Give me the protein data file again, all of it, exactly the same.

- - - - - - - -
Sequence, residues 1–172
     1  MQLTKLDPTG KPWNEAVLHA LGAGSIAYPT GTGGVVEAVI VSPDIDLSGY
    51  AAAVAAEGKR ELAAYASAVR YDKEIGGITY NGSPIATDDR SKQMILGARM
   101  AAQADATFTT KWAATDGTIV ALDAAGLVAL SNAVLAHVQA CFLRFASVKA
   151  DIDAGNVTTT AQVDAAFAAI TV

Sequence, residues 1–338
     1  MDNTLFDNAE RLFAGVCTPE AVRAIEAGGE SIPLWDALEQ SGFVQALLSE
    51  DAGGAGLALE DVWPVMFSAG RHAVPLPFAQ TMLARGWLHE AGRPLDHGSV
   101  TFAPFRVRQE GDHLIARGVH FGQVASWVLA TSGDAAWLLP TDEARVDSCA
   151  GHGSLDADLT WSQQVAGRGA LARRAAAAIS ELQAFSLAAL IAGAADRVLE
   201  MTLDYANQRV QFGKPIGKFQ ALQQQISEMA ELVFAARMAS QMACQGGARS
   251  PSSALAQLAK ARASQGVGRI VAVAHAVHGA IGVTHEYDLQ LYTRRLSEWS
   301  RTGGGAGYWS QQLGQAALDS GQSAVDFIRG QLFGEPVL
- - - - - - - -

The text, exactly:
Sequence, residues 1–172
     1  MQLTKLDPTG KPWNEAVLHA LGAGSIAYPT GTGGVVEAVI VSPDIDLSGY
    51  AAAVAAEGKR ELAAYASAVR YDKEIGGITY NGSPIATDDR SKQMILGARM
   101  AAQADATFTT KWAATDGTIV ALDAAGLVAL SNAVLAHVQA CFLRFASVKA
   151  DIDAGNVTTT AQVDAAFAAI TV

Sequence, residues 1–338
     1  MDNTLFDNAE RLFAGVCTPE AVRAIEAGGE SIPLWDALEQ SGFVQALLSE
    51  DAGGAGLALE DVWPVMFSAG RHAVPLPFAQ TMLARGWLHE AGRPLDHGSV
   101  TFAPFRVRQE GDHLIARGVH FGQVASWVLA TSGDAAWLLP TDEARVDSCA
   151  GHGSLDADLT WSQQVAGRGA LARRAAAAIS ELQAFSLAAL IAGAADRVLE
   201  MTLDYANQRV QFGKPIGKFQ ALQQQISEMA ELVFAARMAS QMACQGGARS
   251  PSSALAQLAK ARASQGVGRI VAVAHAVHGA IGVTHEYDLQ LYTRRLSEWS
   301  RTGGGAGYWS QQLGQAALDS GQSAVDFIRG QLFGEPVL